Wednesday, December 1, 2021




Crystal Manjarres

Q. Are you addicted to sugar? – Part One. 

A. If you’re conscious about your health, you’ve more than likely taken up exercise and watch what you eat. If you’re like most Americans, you’ve shunned fat, carbs, and salt; but what you may not know is that sugar is the one you should be focusing on. When people think of consuming too much sugar, the first thing they think of (aside from the pleasure derived from eating it) is diabetes. The second thought that crosses people’s minds is that they cannot get diabetes because _____ (you fill in the blank).

Common examples are: “I’m too young”, “I exercise”, “no one in my family has diabetes”, and so on. None of these are logical reasons to consume excess amounts of sugar. Even moderate amounts may be too much for some people. Paula Deen’s high consumption of sweet tea contributed to her developing Type 2 diabetes; in fact, consuming sweetened beverages like sweet tea, smoothies, fruit juices, Gatorades, etc. is one of the easiest ways to increase sugar consumption (and is also one of the easiest ways to cut your risk by eliminating or minimizing them from your diet). Drinking too much sugary drinks leads to weight gain, which increases your risk for diabetes; sweetened beverages lead to a rush of sugar into the body which overworks the pancreas, leading to insulin resistance and inflammation over time.

Did you know that sugar can also lead to acne? Studies have shown that ingesting highly refined sugars (i.e. processed) causes huge spikes in blood sugar levels; this leads to inflammation, which in turn increases sebum (oil) production and voila! Acne. Foods low on the glycemic index, however, decrease a sugar spike and keep inflammation levels down.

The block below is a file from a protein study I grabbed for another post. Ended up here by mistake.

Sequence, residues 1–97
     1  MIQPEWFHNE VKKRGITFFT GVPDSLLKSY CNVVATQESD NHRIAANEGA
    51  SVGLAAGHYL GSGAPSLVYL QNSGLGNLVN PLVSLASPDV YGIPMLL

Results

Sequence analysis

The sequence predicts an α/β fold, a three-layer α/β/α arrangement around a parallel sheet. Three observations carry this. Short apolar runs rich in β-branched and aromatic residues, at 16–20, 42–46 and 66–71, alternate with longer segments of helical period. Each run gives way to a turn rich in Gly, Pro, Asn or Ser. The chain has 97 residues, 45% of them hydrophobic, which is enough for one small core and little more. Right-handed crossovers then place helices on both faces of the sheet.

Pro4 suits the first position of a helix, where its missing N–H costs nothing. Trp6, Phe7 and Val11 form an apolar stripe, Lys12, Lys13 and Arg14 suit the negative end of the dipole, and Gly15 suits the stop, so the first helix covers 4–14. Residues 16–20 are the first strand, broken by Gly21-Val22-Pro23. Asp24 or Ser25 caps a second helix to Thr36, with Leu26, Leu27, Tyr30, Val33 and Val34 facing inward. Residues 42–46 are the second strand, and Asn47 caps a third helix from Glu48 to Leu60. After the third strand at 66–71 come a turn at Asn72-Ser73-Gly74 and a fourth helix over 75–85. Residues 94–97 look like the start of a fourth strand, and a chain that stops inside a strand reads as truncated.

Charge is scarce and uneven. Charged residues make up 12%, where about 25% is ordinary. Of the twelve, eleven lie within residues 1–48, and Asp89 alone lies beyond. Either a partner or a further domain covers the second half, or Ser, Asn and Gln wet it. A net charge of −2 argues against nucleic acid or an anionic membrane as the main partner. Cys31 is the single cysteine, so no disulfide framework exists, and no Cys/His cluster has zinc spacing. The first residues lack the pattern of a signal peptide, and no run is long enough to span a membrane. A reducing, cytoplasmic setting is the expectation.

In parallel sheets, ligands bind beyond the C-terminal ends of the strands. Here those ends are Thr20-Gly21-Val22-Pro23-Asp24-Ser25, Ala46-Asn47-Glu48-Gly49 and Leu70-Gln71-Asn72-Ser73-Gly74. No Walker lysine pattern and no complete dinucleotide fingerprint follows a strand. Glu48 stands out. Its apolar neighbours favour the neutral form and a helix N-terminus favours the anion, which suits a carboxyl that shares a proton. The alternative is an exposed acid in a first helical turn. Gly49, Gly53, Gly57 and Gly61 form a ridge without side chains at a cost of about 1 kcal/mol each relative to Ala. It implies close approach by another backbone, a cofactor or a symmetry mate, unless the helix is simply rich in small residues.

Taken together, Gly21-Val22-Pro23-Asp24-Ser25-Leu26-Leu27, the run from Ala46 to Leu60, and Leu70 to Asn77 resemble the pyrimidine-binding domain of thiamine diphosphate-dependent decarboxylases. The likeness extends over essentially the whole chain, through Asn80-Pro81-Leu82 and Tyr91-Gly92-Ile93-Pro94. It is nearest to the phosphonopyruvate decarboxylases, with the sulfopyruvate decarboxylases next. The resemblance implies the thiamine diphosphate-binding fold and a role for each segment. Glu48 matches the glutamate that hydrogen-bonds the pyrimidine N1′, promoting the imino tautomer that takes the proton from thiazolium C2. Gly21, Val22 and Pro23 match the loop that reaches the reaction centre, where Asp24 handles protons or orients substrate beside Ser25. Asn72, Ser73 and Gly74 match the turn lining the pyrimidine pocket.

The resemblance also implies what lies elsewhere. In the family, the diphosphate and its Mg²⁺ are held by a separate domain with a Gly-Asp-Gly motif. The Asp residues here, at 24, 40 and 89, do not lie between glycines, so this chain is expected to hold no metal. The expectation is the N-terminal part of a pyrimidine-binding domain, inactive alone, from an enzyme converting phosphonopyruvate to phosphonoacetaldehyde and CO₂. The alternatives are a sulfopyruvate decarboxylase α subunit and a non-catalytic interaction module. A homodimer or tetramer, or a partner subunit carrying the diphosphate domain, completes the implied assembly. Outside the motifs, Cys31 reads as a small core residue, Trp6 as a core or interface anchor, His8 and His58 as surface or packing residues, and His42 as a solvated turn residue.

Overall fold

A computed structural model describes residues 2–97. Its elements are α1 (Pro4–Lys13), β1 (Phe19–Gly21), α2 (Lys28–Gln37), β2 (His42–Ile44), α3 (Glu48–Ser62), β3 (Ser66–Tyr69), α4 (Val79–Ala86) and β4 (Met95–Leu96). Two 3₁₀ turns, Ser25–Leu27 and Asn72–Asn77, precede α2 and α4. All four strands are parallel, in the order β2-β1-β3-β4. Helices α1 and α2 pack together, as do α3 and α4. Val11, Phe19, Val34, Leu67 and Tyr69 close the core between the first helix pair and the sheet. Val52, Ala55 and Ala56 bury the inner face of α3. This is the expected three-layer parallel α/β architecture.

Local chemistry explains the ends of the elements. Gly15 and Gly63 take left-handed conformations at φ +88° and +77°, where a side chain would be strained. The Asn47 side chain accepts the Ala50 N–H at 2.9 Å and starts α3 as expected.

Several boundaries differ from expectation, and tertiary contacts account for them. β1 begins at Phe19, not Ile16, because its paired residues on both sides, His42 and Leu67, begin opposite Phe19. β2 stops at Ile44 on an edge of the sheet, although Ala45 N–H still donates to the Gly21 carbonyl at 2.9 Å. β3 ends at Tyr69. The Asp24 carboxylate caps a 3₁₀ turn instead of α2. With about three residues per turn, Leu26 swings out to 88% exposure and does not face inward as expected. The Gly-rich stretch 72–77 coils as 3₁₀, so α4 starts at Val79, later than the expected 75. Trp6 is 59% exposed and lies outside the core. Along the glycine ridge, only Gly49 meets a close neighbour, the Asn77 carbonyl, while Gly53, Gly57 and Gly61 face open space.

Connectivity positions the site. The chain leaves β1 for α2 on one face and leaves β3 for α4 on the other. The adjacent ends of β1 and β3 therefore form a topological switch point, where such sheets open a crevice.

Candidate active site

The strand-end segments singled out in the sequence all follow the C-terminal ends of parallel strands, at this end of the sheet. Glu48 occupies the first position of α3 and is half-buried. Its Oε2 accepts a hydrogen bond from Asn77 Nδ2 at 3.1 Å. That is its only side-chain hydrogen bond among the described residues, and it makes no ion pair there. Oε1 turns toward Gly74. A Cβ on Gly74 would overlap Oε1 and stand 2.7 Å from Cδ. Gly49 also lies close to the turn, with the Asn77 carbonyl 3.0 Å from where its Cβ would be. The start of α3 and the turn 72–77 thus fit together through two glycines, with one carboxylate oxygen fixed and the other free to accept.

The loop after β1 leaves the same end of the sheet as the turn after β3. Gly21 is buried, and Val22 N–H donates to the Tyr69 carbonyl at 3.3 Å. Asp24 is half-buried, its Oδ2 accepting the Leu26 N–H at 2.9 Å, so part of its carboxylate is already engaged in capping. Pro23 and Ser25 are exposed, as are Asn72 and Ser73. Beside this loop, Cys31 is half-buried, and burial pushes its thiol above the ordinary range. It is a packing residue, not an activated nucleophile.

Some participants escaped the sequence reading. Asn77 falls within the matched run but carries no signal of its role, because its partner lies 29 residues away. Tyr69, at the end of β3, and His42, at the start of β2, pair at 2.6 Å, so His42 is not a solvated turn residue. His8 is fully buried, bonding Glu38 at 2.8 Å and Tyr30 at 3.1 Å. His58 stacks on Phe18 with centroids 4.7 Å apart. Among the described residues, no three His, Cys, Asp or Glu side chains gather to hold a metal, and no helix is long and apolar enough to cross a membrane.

Sugar is also noted to increase your risk for heart disease; the Journal of the American Medical Association noted that those who ingested 17.5 percent of their calories from sugar increased their triglycerides (a type of fat in the blood), which became stored in fat cells. In this same study those with high triglycerides were three times as likely to also have low HDL cholesterol (the healthy kind). Both of these factors lead to arteriosclerosis—AKA hardening of the arteries. This increases your risk of heart attack, stroke, and heart disease.

The effects of sugar are so detrimental, that the American Heart Association put limits on how much of the sweet stuff we should eat; according to the AHA, men should consume no more than nine teaspoons a day, and women, no more than six. There is so much more to be said about sugar that I am extending this article to the following edition. If you have any questions in the meantime, email me at

Crystal Manjarres is the owner of One-On-One Fitness, a private personal training and Pilates studio for men and women on Marco Island. She is a certified personal trainer and Stott Pilates certified instructor. Her focus is “Empowering men and women of all shapes and sizes”. To send in a question, email Crystal@ She can also be reached at or and (239) 333-5771. 

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